2 nucleic acids (concepts) Flashcards Preview

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Flashcards in 2 nucleic acids (concepts) Deck (15):

nucleotides made up of... (3)

pentose sugar
phosphate group
nitrogenous base


RNA structure (4)

ribose sugar


DNA structure (4)

double-stranded, alpha double helix, 2 polynucleotide chains (H bonds present between specific comp base pairs)
deoxyribose sugar


DNA is stable bc... (2)

phosphodiester backbone protects the more chemically reactive organic bases inside the double helix

hydrogen bonds link the base pairs forming bridges (rungs) between phosphodiester uprights - the higher the proportion of C-G pairings, the more stable the DNA due to the 3 H bonds between them


DNA adapted to carry out functions by... (5)

very stable, rarely mutates

2 strands joined by hydrogen bonds, can separate for DNA rep/protein synth

very large molecule, lots of genetic info carried

sugar phosphate backbone protects the more chemically reactive bases from outside chem/phys forces from corruption

base pairing leads to DNA being able to replicate and transfer info as mRNA


2 stages of cell division

nuclear division (nucleus divides - mitosis/meiosis)
cytokinesis (the whole cell divides)


requirements for semi-conservative replication (4)

the four types of nucleotide, with bases of ATGC
both strands of DNA molecule
DNA polymerase (helicase, ligase, gyrase)
a source of chemical energy to drive the process


semi-conservative replication (4)

DNA helicase breaks the H bonds joining the complementary bases together in the polynucleotide strands and causes the 2 polynucleotide strands of the DNA double helix to unwind and separate

each exposed polynucleotide strand acts as a template to which complementary free nucleotides that have been activated, get attracted to and bind to it by specific base pairing (A to T, G to C)

adjacent nucleotides are joined together by phosphodiester bonds in condensation reactions by DNA polymerase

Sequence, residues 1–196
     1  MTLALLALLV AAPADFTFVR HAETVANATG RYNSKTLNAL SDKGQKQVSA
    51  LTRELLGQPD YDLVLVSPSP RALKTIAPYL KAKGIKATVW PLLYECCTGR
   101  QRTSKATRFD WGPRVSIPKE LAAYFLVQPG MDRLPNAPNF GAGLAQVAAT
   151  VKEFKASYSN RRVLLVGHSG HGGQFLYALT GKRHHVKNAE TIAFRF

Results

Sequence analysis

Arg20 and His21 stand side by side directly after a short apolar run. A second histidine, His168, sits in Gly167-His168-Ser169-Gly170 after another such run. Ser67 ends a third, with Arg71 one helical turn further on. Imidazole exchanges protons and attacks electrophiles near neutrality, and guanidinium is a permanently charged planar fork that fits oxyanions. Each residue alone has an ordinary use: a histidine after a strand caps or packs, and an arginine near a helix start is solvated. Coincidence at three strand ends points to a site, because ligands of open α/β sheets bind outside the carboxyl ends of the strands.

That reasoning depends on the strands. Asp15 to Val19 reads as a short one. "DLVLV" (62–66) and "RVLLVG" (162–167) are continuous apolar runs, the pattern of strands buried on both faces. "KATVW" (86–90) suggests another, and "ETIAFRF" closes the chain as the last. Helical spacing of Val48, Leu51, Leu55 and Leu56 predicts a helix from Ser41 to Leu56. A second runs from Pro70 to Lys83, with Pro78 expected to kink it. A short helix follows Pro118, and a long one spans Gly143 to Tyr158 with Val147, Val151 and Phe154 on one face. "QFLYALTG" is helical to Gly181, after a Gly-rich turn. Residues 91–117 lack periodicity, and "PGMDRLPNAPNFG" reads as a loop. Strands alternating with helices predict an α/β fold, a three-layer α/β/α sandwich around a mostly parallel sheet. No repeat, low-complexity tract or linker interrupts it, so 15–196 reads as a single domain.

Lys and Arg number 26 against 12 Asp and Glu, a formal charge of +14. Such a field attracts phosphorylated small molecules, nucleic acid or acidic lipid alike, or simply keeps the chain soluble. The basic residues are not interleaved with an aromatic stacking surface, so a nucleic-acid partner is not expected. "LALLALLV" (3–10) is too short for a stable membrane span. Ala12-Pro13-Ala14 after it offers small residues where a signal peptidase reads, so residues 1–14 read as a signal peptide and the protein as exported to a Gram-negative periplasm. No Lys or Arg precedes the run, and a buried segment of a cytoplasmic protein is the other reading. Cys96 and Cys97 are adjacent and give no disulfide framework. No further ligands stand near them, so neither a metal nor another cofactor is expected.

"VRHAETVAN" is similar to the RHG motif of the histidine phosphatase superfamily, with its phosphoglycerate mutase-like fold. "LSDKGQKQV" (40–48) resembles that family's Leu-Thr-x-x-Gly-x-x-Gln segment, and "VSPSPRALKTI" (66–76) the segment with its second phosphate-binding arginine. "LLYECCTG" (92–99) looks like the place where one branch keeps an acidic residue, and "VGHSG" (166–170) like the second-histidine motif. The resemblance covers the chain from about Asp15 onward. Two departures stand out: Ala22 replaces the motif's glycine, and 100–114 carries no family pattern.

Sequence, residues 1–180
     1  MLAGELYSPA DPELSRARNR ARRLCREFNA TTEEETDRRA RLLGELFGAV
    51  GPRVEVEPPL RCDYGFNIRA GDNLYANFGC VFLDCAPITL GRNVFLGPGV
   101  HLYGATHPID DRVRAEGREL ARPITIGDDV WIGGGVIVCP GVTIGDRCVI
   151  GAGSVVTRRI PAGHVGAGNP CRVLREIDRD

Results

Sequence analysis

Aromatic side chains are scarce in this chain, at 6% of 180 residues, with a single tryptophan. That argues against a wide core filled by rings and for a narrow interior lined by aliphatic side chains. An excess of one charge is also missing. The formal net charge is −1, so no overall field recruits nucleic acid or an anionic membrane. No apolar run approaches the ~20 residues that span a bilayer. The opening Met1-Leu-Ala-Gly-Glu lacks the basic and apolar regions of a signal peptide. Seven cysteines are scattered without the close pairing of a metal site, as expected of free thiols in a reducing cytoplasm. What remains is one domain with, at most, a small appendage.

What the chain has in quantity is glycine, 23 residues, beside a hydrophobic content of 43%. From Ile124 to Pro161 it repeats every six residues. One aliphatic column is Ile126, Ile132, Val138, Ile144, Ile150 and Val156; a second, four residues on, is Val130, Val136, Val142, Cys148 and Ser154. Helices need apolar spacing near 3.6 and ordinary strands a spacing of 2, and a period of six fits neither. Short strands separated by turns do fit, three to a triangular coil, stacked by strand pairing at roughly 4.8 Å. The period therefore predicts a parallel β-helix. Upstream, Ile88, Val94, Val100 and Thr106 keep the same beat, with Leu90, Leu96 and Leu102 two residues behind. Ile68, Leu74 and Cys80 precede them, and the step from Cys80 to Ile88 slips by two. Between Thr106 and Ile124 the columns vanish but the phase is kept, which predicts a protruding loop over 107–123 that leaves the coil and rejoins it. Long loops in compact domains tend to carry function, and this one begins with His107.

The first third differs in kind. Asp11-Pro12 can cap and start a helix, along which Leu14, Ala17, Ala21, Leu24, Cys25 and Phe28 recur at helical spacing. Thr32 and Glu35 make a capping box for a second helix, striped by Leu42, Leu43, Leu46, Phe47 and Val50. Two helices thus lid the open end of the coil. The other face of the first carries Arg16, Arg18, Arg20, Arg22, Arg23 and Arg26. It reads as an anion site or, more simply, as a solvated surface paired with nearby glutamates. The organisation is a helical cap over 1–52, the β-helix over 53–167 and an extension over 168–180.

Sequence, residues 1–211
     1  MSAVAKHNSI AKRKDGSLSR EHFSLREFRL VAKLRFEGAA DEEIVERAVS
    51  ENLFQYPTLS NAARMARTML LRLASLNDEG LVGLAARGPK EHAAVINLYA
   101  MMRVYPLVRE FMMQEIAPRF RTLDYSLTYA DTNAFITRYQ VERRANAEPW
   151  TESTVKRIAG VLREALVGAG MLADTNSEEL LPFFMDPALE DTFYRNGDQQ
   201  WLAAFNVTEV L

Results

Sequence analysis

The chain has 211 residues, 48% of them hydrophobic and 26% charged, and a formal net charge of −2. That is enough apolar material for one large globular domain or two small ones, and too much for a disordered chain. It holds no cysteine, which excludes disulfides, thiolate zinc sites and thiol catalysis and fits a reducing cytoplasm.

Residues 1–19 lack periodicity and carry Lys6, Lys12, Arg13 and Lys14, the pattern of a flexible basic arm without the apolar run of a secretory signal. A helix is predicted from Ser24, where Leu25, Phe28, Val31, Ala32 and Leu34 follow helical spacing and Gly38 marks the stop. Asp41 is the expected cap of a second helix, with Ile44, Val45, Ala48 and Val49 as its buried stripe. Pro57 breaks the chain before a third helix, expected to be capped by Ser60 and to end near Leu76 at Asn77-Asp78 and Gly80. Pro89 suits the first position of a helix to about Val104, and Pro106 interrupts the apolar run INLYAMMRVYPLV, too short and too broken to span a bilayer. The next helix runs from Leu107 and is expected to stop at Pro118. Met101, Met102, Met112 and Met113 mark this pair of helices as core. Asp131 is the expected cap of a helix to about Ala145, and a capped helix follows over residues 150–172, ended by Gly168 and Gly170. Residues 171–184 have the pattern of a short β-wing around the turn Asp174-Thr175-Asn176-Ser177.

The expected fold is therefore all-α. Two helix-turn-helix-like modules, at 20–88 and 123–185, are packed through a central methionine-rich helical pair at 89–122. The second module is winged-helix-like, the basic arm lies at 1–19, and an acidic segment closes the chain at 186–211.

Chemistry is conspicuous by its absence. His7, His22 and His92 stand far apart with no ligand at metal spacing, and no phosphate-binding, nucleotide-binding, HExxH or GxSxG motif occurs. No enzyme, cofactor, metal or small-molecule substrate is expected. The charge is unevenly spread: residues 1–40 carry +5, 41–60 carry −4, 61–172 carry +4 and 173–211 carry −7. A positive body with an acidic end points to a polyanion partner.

two identical molecules of DNA are formed with half original DNA and half new DNA = semi-conservative replication


3 parts of ATP

adenine base
ribose sugar
3 phosphate groups


when ATP is synthesised (3)

photophosphorylation (in photosynthesis)

oxidative phosphorylation (in respiration)

substrate-level phosphorylation (when phosphate molecules are transferred from donor molecules to ADP)


ATP better immediate energy source because... (2)

each molecule releases less energy than a glucose molecule - smaller more manageable quantities.

hydrolysis of ATP to ADP is a single reaction but glucose breakdown is a long series of reactions -
releases immediate energy.


ATP is used for... (5)

metabolic processes - energy to build macromolecules from basic units e.g. starch from glucose

movement - energy for muscle contraction for muscle filaments to slide past each other and shorten length of a muscle fibre

active transport - energy to change shape of carrier proteins in plasma membs allowing molecules to be moved across a conc grad

secretion - needed to form lysosomes for the secretion of cell products

activation of molecules - Pi released used to phosphorylate other compounds to make them more reactive, lowering Ea in enz-cat reactions e.g. addition of phosphate to glucose in glycolysis


structure of water (2)

dipolar (delta -ve O and delta +ve H)

hydrogen bonds (+ve pole of one molecule attracts -ve pole of another)


importance of water to living organisms (7)

metabolism: metabolite in met reactions
break down complex molecules by hydrolysis
chemical reactions take place in aq medium
major raw material in photosynthesis

solvent: in which metabolic reactions occur
readily dissolves gases (co2, o2), wastes (ammonia, urea), inorganic ions & small hydrophillic molecules (aa's, monosaccharides, ATP), enz (whose reactions take place in solution)

cools organisms for temp control
latent heat of vaporisation (requires a lot of energy to evaporate 1g of water: cooling effect w little loss of water through evap)(sweat is an effective means of cooling as body heat evaporates the water)

support e.g. hydrostatic skeleton of earthworm, turgor pressure in herb plants

aq plants can photosynthesise, light rays penetrate jelly-like fluid and reach retina

specific heat capacity (water molecules stick together, takes more energy to separate them - takes more energy to heat a given mass of water: acts as a buffer against sudden temp changes for aquatic envs & buffers organisms against sudden temp changes as they are mostly water

cohesion & surface tension (the tendency of molecules to stick together: supports columns of water in tube-like transport cells of plants/water pulled up the xylem vessels) & (where water meets air, water pulled back into the body of water: water surface acts as a skin, strong enough to support pond skaters)


roles of inorganic ions (1+5)

occur in sol in cytoplasm of cells and in body fluids and part of larger molecules in organisms, some in high concs, some in low

each ion has specific role dep on its properties:
e.g. iron in haemoglobin for o2 transport
e.g. phosphate in DNA as structural role
e.g. phosphate in ATP as energy storing
e.g. hydrogen in pH and functioning of enz
e.g. sodium in co-transport of glucose and aa's across plasma membs